Three more instances, all this fall, convinced me of the truth in Lil B’s madness. The first one occurred the first weekend of October, when Florida’s football team was set to play Ole Miss. One of the Florida players tweeted at Lil B, asking for his blessing in order to pull off the upset over Ole Miss. B responded, tweeting at the University of Florida, “Love you and Florida – Lil B.” That weekend, Florida beat Ole Miss in one of the biggest upsets of the college football season.
Later that week, University of Texas defensive end Bryce Cottrell followed Florida’s lead and tweeted at Lil B, asking for his blessing to beat OU. Clearly Cottrell saw the outcome of the Florida/Ole Miss game, and fed up with how horrid the Longhorn’s season was looking up to that point, decided to give the Based God a chance.
Again, B responded with “Love you and Longhorns – Lil B,” and that weekend, UT beat OU in what may be viewed as the turning point in Charlie Strong’s career.
And if you really looks at this UT situation, really looks at the football team, and really all Texas sports in general (at least the bigger sports), it can be argued that Texas has been in a relative slump since, oh what, 2011? And what else happened in 2011? That was the year Lil B first enacted his curse on former Longhorn Kevin Durant.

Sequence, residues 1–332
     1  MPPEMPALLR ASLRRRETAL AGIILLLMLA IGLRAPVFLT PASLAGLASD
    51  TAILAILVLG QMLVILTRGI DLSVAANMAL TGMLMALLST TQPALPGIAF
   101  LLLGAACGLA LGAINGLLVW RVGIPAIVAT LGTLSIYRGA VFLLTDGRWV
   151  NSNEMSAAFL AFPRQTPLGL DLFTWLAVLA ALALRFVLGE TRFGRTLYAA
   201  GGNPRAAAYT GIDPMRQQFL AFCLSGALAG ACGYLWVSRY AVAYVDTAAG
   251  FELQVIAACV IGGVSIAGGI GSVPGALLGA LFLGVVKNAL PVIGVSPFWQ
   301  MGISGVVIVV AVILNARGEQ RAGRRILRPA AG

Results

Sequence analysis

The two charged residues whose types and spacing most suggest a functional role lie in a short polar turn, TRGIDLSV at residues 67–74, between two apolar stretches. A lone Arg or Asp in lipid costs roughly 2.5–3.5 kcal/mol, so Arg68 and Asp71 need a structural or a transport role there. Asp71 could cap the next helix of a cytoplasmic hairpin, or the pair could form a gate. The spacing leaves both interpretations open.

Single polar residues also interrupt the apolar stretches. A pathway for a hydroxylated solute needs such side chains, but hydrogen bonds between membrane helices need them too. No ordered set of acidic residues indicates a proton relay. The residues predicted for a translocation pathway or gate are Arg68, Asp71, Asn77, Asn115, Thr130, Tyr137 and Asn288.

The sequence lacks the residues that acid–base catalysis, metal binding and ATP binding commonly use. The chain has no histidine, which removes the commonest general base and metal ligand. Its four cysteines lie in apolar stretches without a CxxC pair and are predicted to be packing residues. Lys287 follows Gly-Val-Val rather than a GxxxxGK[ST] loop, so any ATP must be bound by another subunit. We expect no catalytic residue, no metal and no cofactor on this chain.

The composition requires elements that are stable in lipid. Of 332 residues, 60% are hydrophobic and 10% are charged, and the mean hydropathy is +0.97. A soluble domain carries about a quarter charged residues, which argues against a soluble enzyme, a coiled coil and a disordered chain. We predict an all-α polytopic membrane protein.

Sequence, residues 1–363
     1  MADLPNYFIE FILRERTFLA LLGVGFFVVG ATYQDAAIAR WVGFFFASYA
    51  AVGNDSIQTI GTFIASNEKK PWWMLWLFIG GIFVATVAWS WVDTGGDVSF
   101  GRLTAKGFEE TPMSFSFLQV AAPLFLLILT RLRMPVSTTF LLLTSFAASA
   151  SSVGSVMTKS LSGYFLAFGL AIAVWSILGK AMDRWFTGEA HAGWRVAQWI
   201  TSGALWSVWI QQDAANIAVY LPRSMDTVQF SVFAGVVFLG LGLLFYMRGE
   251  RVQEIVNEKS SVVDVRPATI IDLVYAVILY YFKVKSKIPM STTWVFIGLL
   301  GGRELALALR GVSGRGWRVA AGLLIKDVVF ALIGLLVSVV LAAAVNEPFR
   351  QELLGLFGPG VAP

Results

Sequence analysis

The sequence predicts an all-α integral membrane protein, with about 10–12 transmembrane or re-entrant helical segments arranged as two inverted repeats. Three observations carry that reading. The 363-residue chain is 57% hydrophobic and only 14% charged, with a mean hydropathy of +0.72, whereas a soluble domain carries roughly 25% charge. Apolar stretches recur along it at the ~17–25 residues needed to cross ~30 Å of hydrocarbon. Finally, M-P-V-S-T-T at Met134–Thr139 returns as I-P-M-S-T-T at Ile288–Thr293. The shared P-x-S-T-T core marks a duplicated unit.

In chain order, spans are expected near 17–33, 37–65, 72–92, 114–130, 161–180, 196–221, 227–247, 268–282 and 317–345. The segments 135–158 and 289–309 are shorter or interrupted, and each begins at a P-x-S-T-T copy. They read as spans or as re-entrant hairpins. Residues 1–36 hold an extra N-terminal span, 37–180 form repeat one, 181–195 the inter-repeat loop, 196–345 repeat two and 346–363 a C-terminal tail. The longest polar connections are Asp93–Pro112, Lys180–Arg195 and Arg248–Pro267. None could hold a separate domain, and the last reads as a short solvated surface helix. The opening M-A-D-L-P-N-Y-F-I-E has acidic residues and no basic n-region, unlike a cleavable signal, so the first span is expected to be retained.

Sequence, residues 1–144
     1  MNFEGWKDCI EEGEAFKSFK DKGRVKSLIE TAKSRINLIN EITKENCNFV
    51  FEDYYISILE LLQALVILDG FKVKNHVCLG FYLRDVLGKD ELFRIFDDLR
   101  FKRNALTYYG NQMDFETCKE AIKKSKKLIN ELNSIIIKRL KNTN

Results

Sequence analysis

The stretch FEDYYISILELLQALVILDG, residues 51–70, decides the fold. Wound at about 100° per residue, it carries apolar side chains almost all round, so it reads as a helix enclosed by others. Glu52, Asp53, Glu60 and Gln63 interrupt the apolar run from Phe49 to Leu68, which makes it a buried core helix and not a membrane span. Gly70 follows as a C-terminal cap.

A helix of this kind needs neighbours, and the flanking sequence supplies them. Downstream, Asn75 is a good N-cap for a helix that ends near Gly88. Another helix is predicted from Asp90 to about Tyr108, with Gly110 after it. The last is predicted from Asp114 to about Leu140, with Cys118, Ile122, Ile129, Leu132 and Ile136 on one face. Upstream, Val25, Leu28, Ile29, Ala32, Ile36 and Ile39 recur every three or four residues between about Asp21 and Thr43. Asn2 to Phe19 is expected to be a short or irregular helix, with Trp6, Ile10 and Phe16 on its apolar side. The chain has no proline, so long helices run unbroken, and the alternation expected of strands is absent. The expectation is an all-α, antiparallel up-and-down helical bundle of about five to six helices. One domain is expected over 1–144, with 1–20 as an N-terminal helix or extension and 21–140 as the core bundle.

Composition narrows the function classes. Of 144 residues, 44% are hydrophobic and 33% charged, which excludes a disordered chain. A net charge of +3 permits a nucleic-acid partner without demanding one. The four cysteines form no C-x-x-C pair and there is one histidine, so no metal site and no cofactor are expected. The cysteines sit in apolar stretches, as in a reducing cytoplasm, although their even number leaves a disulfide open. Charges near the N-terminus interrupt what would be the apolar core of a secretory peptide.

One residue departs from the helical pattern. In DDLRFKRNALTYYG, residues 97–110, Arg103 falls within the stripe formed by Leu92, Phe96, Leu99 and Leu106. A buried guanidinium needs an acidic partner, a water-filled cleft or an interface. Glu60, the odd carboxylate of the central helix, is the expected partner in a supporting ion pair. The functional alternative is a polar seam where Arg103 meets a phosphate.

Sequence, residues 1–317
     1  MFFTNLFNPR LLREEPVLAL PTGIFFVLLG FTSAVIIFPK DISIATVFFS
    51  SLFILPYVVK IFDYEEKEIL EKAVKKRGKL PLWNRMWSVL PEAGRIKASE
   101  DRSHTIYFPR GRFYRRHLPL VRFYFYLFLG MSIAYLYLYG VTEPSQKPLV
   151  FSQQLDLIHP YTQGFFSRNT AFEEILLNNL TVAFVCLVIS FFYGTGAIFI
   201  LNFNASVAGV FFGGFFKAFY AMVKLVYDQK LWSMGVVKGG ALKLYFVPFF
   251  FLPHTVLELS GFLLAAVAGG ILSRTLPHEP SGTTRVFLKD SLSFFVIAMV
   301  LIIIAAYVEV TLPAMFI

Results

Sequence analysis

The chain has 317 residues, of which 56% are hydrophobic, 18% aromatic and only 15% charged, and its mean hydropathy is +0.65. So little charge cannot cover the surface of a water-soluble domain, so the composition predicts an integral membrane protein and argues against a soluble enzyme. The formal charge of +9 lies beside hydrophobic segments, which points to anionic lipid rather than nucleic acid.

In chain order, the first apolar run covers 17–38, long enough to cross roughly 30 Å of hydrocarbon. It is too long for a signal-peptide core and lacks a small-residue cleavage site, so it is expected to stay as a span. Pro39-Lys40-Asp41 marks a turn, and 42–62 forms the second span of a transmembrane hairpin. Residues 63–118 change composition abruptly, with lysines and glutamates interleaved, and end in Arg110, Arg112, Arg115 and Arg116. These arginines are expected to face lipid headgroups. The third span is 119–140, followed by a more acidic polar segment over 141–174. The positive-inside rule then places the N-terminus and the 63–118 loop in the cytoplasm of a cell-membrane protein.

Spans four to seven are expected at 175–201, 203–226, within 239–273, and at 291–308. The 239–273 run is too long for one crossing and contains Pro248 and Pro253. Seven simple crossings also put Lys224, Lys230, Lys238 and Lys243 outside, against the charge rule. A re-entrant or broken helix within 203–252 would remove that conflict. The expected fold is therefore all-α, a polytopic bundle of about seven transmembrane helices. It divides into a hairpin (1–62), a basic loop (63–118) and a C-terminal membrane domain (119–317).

Perhaps when the Based God cursed Texas’ most prominent professional athlete of the century, the ill effects spilled over to the entire Longhorn Nation? Just saying. Regardless, it seems as if the Horns have finally received the Based God’s blessing, so we’ll see what happens next. [Ed. Note: B’s blessing may have actually only applied for the OU game.]
Then in October, in an instance of profound inexplicability, the Texas Rangers blew a 2-0 series lead against the Toronto Blue Jays in the ALDS of the 2015 MLB Playoffs. After dropping the first two games in Arlington, Toronto councilman Norm Kelly (or more likely one of his interns) tweeted Lil B asking for his blessing ahead of game three.
B gave his blessing and sent his love to Canada, and in one of the craziest series of games in recent baseball history, the Blue Jays won the series 3-2, winning three straight games.
Even stranger is that the whole series was defined in one inning in game five. After taking a 3-2 lead in the game going into the bottom of the 7th, Rangers short-stop Elvis Andrus committed three errors back-to-back-to-back on rudimentary plays, allowing the Jays to load the bases.
When Jose Bautista came up to bat, in true Hollywood movie fashion, he cranked out a grand slam to give the Blue Jays a 6-3 lead, a lead they would carry until the end of the game. Given how well the Rangers were playing up to that point, it’s inconceivable that they would play so poorly in such a critical moment.
The only explanation is divine intervention, is it not?
Given the Based God’s undeniable track record, maybe it’s high time we turn our attention to Lil B’s insistence on his (or her?) existence. Humanity has always turned to the supernatural for answers to questions we can’t explain, and the idea of a God or an all-knowing creator is as old as humanity itself. Maybe we have it all wrong. Maybe God isn’t a Christian, Jew, Hindu or Muslim. Maybe he’s a Based God, and maybe he’s real.